Summary: How Death and the Day of the Lord are one and the same.
The last of the 66 books in the Bible, the Revelation, speaks about the end of the world and Judgment Day where humans have to do their reckoning, after which they will go to Paradise or Hell. But when was this supposed to happen? Jesus himself once said "Verily I say unto you, There be some standing here, which shall not taste of death, till they see the Son of man coming in his kingdom" (Matthew 16:28).
In the Revelation of St. John this concrete deadline (pun intended) is replaced by "shortly":
As the years passed by, purgatory was invented - where the sinners are staying "Till the foul crimes done in [their] days of nature are burnt and purg'd away". This meant that judgement would happen for the individual person at the time of death - or as is written in the Bible (Romans, 14,12): "So then every one of us shall give account of himself to God".
In reality, the difference was less than clear: For the individual who fell prey to the plague, cholera, the 100-years war, famine etc., death was the start of the personal reckoning but at the same time these catastrophes were regarded as forebodings of the coming apocalypse and the great collective reckoning.
The result was that the day of reckoning was no longer a great collective event that would fit into the great scheme, but was now a very personal experience that might arrive at a very inconvenient time - maybe without giving you time to pay penance for all of your sins.
It's a recurring theme in Lübeck's dance of death, that the humans complain that Death is coming unexpectedly and inconveniently. This is particularly true for the merchant:
Mine Rekenscop is nicht klar.|
Hadde ik mine Rekenscop ghedan,
So mochte ik vrolik mede ghan.
My reckoning is not ready.|
Had I done my reckoning
then I would gladly go with you.
But when was this going to happen? We read in 2nd Peter 3:4 that people grew impatient(1) and asked "[...] Where is the promise of his coming? for since the fathers fell asleep, all things continue as they were from the beginning of the creation". Peter (who hadn't been a fisher for nothing) gave them a wonderful explain-all, namely "[...] that one day is with the Lord as a thousand years, and a thousand years as one day." (v8) and then he added ominously (v10): "But the day of the Lord will come as a thief in the night(2);[...]"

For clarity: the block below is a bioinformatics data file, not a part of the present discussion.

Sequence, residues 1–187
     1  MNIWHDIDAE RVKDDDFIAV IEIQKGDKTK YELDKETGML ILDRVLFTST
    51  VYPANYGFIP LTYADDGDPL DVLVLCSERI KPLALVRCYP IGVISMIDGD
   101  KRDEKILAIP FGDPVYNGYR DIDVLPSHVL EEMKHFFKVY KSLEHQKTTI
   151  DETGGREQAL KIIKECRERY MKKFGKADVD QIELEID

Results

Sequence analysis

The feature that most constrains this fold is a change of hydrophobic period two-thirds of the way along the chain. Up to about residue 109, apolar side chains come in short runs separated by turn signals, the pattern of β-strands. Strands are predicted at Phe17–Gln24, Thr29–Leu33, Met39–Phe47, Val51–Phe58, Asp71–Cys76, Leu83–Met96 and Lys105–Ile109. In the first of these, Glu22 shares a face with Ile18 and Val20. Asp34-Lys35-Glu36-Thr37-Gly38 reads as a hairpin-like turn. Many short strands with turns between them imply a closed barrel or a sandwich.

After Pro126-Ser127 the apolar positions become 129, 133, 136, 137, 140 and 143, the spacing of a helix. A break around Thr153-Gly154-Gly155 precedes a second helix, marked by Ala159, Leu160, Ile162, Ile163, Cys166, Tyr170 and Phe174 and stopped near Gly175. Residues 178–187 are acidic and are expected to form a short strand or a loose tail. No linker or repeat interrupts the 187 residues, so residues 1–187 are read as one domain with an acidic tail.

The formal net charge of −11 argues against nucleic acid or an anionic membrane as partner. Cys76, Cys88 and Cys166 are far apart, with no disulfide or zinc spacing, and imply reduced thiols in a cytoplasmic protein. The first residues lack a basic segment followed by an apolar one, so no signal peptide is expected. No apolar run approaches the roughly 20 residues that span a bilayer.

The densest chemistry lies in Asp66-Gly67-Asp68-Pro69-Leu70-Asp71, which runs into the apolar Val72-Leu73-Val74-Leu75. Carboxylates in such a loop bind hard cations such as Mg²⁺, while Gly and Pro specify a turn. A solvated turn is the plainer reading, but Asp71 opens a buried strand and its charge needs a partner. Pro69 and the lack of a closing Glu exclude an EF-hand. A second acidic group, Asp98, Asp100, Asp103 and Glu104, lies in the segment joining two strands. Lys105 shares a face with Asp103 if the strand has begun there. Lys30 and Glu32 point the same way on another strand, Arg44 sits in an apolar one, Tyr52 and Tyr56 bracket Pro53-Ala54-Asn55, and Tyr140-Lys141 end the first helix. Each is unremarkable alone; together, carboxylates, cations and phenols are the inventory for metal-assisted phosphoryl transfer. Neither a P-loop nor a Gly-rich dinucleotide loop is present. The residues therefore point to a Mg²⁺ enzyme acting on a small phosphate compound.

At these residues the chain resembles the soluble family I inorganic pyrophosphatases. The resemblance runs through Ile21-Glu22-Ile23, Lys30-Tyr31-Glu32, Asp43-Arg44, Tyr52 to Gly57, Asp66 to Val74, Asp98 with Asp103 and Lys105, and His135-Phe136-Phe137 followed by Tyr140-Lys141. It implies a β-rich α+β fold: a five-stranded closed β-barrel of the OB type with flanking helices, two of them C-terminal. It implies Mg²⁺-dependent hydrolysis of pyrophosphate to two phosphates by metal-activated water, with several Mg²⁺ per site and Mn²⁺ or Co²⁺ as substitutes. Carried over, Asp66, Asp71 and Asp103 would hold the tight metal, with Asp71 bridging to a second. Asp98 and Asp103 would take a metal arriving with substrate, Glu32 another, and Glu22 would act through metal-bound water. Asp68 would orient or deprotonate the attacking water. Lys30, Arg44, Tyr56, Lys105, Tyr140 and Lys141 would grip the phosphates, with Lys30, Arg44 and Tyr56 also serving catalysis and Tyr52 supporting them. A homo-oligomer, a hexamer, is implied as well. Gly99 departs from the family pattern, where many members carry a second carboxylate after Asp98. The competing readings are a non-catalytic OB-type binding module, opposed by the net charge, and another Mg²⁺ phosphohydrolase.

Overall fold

So Death and the day of the Lord was the same and both would come unexpectedly. In Lübeck's dance of death, Death tells the youth:
In der Nacht der Deve Gank|
Slikende is min Ummewank,
In the night the thieves walk.|
I sneak around.
Death is quoting Job 24:14: "The murderer rising with the light killeth the poor and needy, and in the night is as a thief". The English Bible uses a different wording than the German Bibles: in Luther's Bible the phrase is "des Nachts schleicht der Dieb" (in the night the thief sneaks) and in Elberfelder "in der Nacht geht der Dieb um" (in the night the thief goes around). In Lübeck, Death combines them and says "Slikende is min Ummewank" (literally: sneaking is my around-going).
Death as a sneaking thief also appears in the books based on Lübeck's dance of death:
Wuste de huswerd to welker tyd
If the goodman knew what time
De doet sendet jw neenen breff
Death does not send you any letter
Viste hosbonden i huilcken tiid
If the goodman knew what time
This time the Bible(3) quotes are really lining up:
Notice that the youth had himself just used he word "sneaking":
Do hefst de Tyt ovel raket,|
Du kumpst slikende her geghan,
You have chosen the time badly.|
You come here, sneaking,
First the youth complains about the bad timing (compare with the top of this page) and then says literally "you come sneaking here going". This may explain why Death feels like showing how well versed he is in the Bible - in front of the youth who probably couldn't care less.
Footnotes: (1) (2) (3)